The impact of stream ripping

Written on 31 Jul 2017

[This article was first published on Lexis®PSL TMT on 19 July 2017]

TMT analysis: A recent press release from the UK Intellectual Property Office (IPO) reveals that unlawful stream ripping remains a challenge despite the efforts of streaming giants such as Netflix and Spotify. Rob Guthrie, partner in Osborne Clarke’s intellectual property litigation department, explains the different forms that stream ripping can take and the current copyright framework surrounding stream ripping content.

What is stream ripping?

Stream ripping is the illegal creation of permanent copies of streamed content. In recent years it has become one of the most common forms of online music piracy, with recent research undertaken by PRS for Music and the UKIPO finding that the use of stream ripping services increased 141.3% between 2014–16.

Stream ripping services can take a variety of forms. The PRS for Music/UKIPO report divides them into five categories:

  • download apps—which source and download content from licensed streaming services and then deliver that content to the user through the app
  • download sites—which work in the same way as download apps but deliver the content through a website
  • stream ripping sites—which allow users to download content from the licensed service by inputting a relevant URL/link
  • stream ripping plug ins—which can provide an internet browser with stream ripping functionality, and
  • stream ripping software—which can be downloaded and then used to make permanent copies of streamed content

What are the legal issues with stream ripping?

An individual that uses a stream ripping service to make an unauthorised copy of copyright protected content will most likely be infringing copyright. However, as copyright owners have found for many years when dealing with illegal downloads, it can be difficult to identify and take action against individual infringers. As a consequence, copyright owners will naturally focus on potential legal claims against the providers of stream ripping services.
If the stream ripping service is itself ripping and downloading content from a stream and then providing this content to its users, then it seems likely that it will be infringing copyright (although it may be difficult to determine in which jurisdiction such actions are taking place).

If the service only provides the means for its users to rip and download content, then the stream ripping service could still be liable for the actions of its users as a joint tortfeasor or through other forms of vicarious liability. UK courts have generally held that manufacturers of recording apparatus are not liable for any infringing use—the classic case being the twin tape deck in Amstrad—but the position may be different if stream ripping services are using software that is targeted at particular streaming services which prohibit stream ripping for all available content. Stream ripping services may also be liable for circumvention of technological measures that have been applied by authorised streaming services.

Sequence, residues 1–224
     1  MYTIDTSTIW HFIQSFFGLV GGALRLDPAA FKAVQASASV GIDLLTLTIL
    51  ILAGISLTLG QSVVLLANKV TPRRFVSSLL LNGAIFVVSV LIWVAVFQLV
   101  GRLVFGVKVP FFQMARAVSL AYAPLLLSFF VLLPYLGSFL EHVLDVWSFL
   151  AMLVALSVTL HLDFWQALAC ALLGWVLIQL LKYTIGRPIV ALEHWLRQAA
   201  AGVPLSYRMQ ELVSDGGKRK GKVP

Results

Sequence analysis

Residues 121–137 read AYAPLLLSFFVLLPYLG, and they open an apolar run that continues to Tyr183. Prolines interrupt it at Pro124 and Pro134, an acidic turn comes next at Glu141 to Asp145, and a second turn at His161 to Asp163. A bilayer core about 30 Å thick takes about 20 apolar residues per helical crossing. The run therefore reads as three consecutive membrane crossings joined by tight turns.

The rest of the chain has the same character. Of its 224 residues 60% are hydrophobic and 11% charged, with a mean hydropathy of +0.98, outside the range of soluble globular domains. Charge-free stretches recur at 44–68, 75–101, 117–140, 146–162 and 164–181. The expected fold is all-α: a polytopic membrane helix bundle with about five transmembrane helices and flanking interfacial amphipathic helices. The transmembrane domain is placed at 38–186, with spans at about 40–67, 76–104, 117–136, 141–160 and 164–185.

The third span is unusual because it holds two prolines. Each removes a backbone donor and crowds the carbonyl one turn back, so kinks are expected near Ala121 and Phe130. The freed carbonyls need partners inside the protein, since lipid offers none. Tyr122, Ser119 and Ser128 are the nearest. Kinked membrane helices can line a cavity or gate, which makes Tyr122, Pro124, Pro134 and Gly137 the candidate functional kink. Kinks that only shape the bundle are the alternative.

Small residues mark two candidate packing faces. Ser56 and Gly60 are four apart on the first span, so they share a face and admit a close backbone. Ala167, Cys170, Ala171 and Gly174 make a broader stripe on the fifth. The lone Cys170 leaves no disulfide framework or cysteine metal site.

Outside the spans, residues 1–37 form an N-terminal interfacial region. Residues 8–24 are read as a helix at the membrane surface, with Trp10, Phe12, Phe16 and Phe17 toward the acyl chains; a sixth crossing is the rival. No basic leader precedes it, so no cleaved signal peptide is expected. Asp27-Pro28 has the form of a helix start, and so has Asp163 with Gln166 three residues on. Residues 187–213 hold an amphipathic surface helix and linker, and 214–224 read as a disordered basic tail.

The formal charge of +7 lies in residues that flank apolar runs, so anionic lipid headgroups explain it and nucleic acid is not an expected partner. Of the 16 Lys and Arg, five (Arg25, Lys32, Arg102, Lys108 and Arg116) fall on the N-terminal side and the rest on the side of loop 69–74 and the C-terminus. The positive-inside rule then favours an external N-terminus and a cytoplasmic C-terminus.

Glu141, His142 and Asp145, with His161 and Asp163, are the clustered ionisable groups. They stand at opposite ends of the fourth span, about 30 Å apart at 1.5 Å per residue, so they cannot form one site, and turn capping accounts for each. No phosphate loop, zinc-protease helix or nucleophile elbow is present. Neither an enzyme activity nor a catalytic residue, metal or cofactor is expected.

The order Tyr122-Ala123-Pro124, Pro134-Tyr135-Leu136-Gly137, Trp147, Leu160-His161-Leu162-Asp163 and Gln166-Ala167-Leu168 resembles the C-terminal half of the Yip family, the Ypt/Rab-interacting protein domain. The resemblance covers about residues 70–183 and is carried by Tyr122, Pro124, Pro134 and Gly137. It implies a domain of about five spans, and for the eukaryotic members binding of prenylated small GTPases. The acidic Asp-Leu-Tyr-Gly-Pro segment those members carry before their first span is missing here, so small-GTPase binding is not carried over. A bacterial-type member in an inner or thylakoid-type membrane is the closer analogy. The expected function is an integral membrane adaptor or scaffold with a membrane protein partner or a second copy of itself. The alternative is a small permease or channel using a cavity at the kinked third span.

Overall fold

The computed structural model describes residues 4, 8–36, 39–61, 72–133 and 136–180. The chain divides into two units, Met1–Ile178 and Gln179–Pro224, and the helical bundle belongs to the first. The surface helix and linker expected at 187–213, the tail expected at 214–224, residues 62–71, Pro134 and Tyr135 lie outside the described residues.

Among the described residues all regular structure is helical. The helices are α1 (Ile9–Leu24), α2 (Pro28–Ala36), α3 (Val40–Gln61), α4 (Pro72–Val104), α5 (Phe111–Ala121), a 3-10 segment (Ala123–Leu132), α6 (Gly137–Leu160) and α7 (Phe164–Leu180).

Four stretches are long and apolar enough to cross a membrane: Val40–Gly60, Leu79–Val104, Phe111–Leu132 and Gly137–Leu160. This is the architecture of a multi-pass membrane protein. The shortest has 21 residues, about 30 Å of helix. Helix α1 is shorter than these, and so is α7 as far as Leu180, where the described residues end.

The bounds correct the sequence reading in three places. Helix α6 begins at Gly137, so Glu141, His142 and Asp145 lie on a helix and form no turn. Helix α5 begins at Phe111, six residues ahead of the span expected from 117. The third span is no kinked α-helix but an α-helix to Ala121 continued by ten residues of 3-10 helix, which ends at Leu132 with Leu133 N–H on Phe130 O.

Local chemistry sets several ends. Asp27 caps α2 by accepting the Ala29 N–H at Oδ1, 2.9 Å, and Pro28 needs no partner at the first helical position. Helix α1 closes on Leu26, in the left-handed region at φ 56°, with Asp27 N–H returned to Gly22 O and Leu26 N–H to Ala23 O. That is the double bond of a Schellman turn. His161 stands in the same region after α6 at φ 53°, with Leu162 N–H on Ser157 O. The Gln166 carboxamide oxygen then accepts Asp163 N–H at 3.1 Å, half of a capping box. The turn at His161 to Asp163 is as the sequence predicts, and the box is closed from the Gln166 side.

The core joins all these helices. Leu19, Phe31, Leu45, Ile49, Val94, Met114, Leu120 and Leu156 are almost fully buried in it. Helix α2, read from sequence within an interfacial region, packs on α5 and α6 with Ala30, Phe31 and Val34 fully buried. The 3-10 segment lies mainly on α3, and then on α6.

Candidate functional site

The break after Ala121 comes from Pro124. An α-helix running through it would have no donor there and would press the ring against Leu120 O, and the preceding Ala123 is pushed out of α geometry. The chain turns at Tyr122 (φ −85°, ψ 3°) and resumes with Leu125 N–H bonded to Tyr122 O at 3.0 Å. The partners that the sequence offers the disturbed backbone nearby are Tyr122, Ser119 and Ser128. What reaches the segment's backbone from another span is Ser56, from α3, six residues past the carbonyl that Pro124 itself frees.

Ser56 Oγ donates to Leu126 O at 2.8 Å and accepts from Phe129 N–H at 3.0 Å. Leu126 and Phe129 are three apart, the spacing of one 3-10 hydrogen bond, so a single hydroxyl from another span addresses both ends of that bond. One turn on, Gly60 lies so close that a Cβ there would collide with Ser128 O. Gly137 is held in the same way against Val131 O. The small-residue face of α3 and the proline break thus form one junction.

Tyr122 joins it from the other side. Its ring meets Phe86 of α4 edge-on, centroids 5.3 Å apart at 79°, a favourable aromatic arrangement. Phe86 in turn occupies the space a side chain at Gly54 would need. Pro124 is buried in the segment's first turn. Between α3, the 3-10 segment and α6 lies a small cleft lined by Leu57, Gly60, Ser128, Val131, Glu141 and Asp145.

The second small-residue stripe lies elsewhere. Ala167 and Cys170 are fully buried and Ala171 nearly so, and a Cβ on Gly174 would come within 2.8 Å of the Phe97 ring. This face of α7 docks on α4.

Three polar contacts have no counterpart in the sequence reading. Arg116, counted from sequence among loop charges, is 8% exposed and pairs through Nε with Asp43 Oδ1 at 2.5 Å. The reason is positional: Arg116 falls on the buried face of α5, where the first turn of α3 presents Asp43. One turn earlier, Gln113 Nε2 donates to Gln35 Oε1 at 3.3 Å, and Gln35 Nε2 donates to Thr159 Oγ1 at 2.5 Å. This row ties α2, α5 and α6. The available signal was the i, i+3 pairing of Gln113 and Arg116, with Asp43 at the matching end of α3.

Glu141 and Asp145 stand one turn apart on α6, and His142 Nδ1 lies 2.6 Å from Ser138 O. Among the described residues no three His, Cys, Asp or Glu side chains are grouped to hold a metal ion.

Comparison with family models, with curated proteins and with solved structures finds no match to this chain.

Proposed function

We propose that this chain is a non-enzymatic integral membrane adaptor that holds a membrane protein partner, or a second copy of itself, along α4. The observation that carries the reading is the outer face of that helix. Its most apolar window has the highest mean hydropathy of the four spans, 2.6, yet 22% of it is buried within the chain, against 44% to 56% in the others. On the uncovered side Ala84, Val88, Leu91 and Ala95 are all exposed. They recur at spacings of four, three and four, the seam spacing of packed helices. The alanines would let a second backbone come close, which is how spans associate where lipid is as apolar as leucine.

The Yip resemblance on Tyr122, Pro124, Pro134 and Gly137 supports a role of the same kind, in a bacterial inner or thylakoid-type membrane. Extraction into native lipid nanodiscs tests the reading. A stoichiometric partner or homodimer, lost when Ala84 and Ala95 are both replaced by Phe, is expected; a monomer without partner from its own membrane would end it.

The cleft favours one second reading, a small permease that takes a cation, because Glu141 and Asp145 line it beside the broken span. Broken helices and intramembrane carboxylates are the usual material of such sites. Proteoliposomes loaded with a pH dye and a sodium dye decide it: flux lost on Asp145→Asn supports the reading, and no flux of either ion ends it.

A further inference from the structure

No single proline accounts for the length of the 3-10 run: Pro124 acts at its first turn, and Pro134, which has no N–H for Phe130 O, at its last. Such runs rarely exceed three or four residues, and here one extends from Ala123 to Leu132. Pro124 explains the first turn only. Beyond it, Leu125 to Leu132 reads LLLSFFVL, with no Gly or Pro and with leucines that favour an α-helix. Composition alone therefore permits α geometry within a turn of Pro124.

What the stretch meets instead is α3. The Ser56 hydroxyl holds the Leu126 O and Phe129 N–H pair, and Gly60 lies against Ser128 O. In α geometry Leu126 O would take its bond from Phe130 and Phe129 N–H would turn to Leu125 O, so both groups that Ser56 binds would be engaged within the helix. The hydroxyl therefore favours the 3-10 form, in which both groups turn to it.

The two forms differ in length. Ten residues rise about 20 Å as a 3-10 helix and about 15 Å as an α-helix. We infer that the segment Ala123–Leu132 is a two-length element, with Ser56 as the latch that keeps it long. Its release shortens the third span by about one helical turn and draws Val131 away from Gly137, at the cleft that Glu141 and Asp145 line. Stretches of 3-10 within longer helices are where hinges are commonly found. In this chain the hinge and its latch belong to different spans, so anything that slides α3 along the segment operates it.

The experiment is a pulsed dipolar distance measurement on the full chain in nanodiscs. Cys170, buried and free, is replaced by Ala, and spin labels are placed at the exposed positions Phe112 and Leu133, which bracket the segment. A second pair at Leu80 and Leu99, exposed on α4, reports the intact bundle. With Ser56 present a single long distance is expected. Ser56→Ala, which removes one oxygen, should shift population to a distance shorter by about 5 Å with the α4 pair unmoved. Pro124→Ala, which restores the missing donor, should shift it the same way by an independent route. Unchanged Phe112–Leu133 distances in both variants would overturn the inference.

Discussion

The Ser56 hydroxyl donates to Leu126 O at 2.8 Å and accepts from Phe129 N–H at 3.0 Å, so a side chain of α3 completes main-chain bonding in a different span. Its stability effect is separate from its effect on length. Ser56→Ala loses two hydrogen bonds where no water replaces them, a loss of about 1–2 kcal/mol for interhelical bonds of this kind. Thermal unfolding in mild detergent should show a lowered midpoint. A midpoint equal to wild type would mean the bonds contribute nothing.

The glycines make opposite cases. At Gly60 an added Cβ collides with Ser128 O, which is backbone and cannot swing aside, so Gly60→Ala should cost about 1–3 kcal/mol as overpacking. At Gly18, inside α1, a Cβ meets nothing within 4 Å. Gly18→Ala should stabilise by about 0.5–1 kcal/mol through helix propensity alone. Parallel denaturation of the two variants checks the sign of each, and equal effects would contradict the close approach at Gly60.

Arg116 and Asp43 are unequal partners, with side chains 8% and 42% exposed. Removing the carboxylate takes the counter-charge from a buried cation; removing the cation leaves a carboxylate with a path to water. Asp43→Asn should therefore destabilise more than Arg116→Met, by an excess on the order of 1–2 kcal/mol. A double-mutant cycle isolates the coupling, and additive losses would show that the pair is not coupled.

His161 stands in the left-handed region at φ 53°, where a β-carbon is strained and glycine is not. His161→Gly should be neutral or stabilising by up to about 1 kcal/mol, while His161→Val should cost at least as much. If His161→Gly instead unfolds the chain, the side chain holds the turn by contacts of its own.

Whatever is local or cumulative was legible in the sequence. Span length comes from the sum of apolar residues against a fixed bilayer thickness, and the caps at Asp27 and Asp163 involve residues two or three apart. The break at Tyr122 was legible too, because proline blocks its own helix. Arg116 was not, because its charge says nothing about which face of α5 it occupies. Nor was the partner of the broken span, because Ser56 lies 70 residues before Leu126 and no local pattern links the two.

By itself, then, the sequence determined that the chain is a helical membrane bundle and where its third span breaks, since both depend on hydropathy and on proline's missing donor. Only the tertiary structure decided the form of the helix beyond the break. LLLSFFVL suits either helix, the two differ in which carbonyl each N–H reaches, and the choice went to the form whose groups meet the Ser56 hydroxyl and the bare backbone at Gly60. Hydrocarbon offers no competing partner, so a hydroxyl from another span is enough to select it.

Finally, taking enforcement action against stream ripping services directly may also prove to be challenging as it will often be difficult to identify who is behind the service and where they are located. Copyright holders may therefore end up applying for blocking orders, requiring ISPs to block the websites of stream ripping services, as they have already done for websites engaging in other forms of copyright piracy such as peer-to-peer file sharing.
What can providers like Spotify do about stream ripping?

In some cases, stream ripping services use the application programming interface (API) of a licensed provider (the API allows third parties to create applications for the streaming service). Licensed services can therefore help to reduce the problem by ensuring that the API keys are removed from any application that uses their API for stream ripping.

Providers of authorised streaming services can also look to put in place, or improve, technological protection measures to make it harder for their streams to be ripped. It seems that authorised providers are presently losing the battle with stream ripping services and that current protection measures are being circumvented. We are likely to see increased efforts by authorised streaming services to develop more effective protection measures (and increased pressure from copyright owners and industry bodies for those efforts to be effective).

What is on the horizon to combat stream ripping and other similar forms of copyright infringement?

Industry bodies are working closely with authorised streaming services and platforms to reduce the prevalence of stream ripping services. PRS for Music confirmed at the launch of the stream ripping report it commissioned with the UK IPO that it was working with SoundCloud and notifying them when their services and API are being used for stream ripping. At the same event, Google confirmed that it works closely with a number of industry bodies in a similar manner.

The major US record labels issued a claim in the US against, one of the most popular stream ripping sites, in September 2016 and this case is likely to be watched with interest. The claim centres on the stream ripping of music videos that appear on YouTube and alleges that is responsible for upwards of 40% of all unlawful stream ripping worldwide.

This article was first published on Lexis®PSL TMT on 19 July 2017.